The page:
Experience with Gunsmithing Schools? Please share!
Hi there, I am working for a site called Gunsmithing Schools HQ which is aimed at helping people to find suitable gunsmithing schools. At the moment it's pretty basic and we want to improve it by adding interviews or at least feedback from actual gunsmiths or gunsmithing students so if you're either and have a strong view about gunsmithing schools we'd love to hear from you.
Some questions we'd like to get to:
- what do you learn at gunsmithing school
- what do you still need to learn after gunsmithing school
- what makes a good gunsmith
- what does a gunsmith earn when starting out
- what does a good gunsmith earn working for himself
- what is the most common work for a gunsmith
- why did you choose this school to learn / teach gunsmithing
Looking forward to any feedback!
I found this on google and thought I'd share my two cents.
I had a pretty good experience doing a correspondence/distance learning gun school, earning a diploma in the trade.
I went through 6 different 'instructions' which included everything from metallurgy, gun history, types of guns, etc. It was really a crash course in lot of info that I already knew but a lot that I thought I did but didn't really..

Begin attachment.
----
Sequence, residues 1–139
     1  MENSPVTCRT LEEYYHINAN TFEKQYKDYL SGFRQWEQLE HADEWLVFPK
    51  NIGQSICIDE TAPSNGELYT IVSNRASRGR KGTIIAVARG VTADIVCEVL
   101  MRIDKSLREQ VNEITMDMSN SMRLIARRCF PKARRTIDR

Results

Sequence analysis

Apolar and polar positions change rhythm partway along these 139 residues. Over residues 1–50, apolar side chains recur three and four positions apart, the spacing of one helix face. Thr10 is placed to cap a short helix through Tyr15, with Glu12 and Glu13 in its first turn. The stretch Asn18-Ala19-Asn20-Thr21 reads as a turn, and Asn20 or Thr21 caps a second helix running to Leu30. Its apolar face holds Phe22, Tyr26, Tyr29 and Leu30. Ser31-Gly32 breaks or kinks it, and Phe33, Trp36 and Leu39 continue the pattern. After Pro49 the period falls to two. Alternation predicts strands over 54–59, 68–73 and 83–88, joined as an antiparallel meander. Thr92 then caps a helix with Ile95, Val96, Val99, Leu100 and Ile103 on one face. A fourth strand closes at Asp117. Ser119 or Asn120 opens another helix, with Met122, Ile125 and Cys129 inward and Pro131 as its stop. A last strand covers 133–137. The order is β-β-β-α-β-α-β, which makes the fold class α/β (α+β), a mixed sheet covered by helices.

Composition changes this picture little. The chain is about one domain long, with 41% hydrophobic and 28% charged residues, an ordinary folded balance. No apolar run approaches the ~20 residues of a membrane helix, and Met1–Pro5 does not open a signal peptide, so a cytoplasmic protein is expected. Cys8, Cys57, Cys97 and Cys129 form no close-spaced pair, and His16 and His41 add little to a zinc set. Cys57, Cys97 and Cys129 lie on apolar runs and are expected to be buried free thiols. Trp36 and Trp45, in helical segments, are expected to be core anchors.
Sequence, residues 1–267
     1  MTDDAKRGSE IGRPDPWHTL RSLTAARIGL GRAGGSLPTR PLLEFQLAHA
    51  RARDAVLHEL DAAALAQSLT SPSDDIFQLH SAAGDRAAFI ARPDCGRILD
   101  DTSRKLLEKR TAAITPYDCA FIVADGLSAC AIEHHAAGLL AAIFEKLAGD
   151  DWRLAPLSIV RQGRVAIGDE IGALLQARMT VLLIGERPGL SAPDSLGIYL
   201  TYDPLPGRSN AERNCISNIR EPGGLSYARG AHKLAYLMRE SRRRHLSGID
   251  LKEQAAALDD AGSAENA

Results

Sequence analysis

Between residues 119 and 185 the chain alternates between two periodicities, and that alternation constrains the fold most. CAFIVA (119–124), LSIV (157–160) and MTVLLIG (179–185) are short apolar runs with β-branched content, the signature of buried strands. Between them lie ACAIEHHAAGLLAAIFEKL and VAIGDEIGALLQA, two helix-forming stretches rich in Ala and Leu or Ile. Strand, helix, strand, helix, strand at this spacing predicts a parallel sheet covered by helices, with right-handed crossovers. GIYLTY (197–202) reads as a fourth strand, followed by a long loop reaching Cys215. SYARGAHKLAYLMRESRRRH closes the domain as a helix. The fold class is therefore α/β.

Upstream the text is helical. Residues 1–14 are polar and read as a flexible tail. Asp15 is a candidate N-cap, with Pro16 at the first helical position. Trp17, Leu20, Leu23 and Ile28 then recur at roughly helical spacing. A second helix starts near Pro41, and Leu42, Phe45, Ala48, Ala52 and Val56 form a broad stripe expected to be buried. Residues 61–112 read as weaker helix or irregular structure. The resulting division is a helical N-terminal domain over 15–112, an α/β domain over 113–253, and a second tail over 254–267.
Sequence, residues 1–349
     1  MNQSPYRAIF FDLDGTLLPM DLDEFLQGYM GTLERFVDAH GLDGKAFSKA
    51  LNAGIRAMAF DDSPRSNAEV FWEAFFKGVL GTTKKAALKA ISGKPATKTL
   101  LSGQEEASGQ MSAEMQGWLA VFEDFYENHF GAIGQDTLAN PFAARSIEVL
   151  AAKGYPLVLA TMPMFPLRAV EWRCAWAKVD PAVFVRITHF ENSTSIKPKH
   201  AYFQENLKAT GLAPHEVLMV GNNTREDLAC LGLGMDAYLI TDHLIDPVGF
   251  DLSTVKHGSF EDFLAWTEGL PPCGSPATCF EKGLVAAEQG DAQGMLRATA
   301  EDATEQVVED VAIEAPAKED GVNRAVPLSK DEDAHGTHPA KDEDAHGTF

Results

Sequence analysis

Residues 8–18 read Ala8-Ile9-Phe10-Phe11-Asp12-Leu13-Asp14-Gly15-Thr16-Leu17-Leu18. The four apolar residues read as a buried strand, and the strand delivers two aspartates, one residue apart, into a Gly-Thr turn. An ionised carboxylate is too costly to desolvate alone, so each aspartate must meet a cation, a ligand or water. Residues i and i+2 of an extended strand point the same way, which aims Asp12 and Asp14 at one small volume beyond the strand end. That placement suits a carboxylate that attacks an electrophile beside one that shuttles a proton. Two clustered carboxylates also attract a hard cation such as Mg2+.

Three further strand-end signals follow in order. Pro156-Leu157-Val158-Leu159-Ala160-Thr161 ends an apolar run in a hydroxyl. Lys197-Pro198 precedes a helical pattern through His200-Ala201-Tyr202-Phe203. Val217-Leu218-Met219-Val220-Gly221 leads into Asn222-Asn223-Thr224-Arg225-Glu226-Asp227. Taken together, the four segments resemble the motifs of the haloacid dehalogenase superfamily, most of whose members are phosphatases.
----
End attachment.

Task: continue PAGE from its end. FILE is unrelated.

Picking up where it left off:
The problem with this kind of course is nothing beats hands on work with actual guns, but I already had a lot of that so I assume that once I get an apprenticeship or something like it I would be way ahead of the curve. I am kind of guessing that a lot of what I actually learned is a lot of technical stuff that even gunsmiths might not know offhand.
I would recommend doing this if you can't do a physical apprenticeship right off the bat, but it might be best to go the route of doing that if you can.
I didn't try to look for jobs yet but again, nothing beats a hands on training if you can get it. I know a lot more than I did though.
I found the gun course I took at http://www.smartschoolfinder.com/guide/gunsmithing-schools and I'm sure there are others out there. The name of the course I took was penn foster. Hope that helps.
I too am in the Penn Foster program. I'm on my last block. It's not a bad program for getting feet wet and getting some decent info but, with lack of real hands on opportunities. I've created a few with purchases and the help of very understanding friends, but if I had no experience with mechanical repair I would have been lost. In the end I'll not feel like any more of a gunsmith than I do now but I do know there's more for me to learn and hope it will help me find an opportunity to become one. I'm not sure if I'd do this program again but can't say I regret taking it either.
|All times are GMT. The time now is 03:55 AM.|
Copyright ©2000 - 2013, Jelsoft Enterprises Ltd.